The Senate approved a $37.5 billion energy and water spending bill Thursday, the earliest an appropriations bill has passed the upper chamber in the last 40 years.

The Energy and Water Appropriations Bill of 2016 sets out funding for the Department of Energy, Department of the Interior, Army Corps of Engineers, the Nuclear Regulatory Commission and other federal agencies. It's the first appropriations bill to pass the Senate this year and was approved with a huge bipartisan majority, 90-8.

Sen. Lamar Alexander, R-Tenn., touted the bill as the earliest the Senate has passed an appropriations bill in four decades, according to the Congressional Research Service, and the first time an energy and water appropriations bill has gone through the regular Senate process since 2009.

"What we've done, with the cooperation of the Senate, in the last couple weeks was to pass the first Senate appropriations bill and to do it earlier than its been done in the last 40 years," Alexander said.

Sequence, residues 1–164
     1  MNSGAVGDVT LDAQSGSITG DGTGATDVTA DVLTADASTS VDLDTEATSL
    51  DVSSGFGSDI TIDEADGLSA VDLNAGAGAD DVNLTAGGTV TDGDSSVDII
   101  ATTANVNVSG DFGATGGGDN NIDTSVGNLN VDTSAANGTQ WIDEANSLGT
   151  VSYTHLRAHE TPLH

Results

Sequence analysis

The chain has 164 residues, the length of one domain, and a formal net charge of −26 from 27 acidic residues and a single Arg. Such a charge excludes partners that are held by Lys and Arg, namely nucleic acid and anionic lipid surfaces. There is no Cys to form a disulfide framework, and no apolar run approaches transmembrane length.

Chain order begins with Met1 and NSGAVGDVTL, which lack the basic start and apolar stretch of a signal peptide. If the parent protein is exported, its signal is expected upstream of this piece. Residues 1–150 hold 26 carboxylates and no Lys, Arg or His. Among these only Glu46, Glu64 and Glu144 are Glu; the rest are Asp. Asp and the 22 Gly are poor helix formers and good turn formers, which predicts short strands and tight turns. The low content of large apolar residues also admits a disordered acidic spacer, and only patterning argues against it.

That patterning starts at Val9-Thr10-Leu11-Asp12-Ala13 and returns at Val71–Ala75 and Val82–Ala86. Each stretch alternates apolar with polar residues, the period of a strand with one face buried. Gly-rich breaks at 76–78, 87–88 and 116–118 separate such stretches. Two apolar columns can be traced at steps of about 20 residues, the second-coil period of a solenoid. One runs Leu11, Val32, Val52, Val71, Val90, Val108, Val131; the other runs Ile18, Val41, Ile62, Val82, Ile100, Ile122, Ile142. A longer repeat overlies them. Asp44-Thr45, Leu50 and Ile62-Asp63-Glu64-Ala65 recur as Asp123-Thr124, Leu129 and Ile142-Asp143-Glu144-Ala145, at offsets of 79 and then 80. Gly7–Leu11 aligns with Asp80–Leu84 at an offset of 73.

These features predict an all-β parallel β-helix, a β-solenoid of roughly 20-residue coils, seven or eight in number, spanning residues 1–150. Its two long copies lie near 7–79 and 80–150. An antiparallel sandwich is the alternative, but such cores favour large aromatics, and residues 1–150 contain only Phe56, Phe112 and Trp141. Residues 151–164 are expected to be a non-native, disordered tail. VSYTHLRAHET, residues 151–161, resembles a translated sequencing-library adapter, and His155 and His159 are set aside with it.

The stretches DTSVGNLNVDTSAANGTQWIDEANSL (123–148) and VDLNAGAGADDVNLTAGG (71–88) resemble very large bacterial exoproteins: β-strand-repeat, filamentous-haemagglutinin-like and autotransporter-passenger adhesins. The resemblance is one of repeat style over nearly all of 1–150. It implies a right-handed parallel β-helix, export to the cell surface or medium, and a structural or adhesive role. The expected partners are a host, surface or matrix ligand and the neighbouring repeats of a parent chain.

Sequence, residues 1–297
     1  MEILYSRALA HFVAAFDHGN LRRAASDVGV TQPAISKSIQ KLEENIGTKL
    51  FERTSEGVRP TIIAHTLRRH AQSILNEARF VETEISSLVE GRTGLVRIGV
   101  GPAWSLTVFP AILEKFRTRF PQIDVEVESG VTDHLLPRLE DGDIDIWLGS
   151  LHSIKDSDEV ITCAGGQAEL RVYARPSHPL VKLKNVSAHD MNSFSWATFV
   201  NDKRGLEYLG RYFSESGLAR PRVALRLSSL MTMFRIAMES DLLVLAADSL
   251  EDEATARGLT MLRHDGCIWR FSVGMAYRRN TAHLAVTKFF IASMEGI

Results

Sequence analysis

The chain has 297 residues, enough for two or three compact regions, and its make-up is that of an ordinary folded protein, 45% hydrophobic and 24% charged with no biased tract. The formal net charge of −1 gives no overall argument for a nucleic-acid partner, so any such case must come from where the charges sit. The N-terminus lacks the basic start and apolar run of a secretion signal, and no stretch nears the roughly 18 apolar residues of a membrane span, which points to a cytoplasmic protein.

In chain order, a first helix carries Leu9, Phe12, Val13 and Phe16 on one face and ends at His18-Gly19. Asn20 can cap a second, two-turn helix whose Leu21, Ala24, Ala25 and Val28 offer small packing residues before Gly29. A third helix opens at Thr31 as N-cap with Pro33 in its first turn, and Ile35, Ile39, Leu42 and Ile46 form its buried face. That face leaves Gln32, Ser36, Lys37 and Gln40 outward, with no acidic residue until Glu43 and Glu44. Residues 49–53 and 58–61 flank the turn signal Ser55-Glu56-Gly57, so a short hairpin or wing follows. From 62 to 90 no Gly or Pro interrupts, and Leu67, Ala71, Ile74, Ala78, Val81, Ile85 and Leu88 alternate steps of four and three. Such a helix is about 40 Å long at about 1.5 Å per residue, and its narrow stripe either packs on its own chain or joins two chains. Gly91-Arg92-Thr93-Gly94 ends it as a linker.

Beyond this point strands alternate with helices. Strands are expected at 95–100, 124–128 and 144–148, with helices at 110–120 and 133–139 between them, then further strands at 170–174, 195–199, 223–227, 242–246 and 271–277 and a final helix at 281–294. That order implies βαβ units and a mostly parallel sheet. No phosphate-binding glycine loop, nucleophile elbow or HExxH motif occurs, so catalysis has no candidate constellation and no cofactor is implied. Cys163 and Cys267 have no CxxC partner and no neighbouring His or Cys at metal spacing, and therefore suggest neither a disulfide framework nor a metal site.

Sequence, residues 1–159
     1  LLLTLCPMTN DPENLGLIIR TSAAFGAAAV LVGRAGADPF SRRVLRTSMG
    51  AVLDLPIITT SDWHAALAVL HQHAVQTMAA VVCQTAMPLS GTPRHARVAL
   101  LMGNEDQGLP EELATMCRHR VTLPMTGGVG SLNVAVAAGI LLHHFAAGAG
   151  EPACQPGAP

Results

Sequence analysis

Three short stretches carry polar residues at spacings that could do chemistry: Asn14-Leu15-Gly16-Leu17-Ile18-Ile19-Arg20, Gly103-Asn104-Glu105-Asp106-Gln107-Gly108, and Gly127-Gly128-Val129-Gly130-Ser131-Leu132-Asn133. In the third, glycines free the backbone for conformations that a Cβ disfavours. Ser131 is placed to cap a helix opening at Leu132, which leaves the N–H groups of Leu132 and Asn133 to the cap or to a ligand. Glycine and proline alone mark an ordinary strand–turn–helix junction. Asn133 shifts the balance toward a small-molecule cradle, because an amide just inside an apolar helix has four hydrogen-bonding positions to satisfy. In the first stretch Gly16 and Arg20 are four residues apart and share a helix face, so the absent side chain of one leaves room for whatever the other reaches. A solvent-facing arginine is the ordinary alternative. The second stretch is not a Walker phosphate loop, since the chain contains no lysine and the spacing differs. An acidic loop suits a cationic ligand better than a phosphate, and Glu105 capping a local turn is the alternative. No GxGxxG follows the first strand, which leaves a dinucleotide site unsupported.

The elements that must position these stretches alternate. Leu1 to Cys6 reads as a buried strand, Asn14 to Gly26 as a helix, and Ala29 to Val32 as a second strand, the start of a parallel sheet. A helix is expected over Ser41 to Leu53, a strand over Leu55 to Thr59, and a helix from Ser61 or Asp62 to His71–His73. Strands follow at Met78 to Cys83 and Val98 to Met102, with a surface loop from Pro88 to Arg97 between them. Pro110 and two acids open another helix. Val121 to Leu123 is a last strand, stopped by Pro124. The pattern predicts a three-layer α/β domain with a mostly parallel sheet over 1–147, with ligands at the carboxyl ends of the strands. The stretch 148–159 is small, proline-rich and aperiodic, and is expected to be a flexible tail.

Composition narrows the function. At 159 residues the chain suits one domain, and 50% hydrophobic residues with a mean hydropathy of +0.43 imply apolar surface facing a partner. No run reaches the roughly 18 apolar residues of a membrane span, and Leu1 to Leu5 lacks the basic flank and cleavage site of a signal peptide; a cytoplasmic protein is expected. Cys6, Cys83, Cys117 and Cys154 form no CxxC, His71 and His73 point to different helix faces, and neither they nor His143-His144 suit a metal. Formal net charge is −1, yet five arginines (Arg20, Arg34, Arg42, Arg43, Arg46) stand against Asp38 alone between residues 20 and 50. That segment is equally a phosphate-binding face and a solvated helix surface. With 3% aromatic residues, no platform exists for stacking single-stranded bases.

It took more than three weeks for the Senate to vote on the bill after it was caught up in a controversy over the Iran nuclear deal. Sen. Tom Cotton, R-Ark., introduced an amendment to keep the Department of Energy from purchasing heavy water from Iran in the future, which Democrats blocked, calling it a "poison pill."

On Wednesday, Democrats killed Cotton's amendment and allowed the bill to finally move to a final vote.

Alexander worked with Sen. Dianne Feinstein, D-Calif., on forming the bill. They congratulated each other on getting the bill passed on Thursday.

Feinstein touted the bill as containing $1.4 billion more for the Army Corps of Engineers than President Obama asked for in his budget — the executive budget typically lowballs its request for the Corps because Congress ultimately will make up the difference — and $163 million more for the Bureau of Reclamation than Obama asked for.

The bill includes $100 million to help fight drought in the West, Feinstein said.

"Not only are we passing a bill, we're passing a good bill," she said.

Among the other provisions in the bill that Alexander praised were provisions that would help safely dispose of nuclear waste, clean up hazardous materials and the projects that the Army Corps of Engineers would help complete across the country.

Alexander said the inclusive process of passing the bill allowed many senators to feel like they had a stake in the bill, which is why it passed with such a huge majority.

"There's a great deal included in here that every senator can be proud of," he said.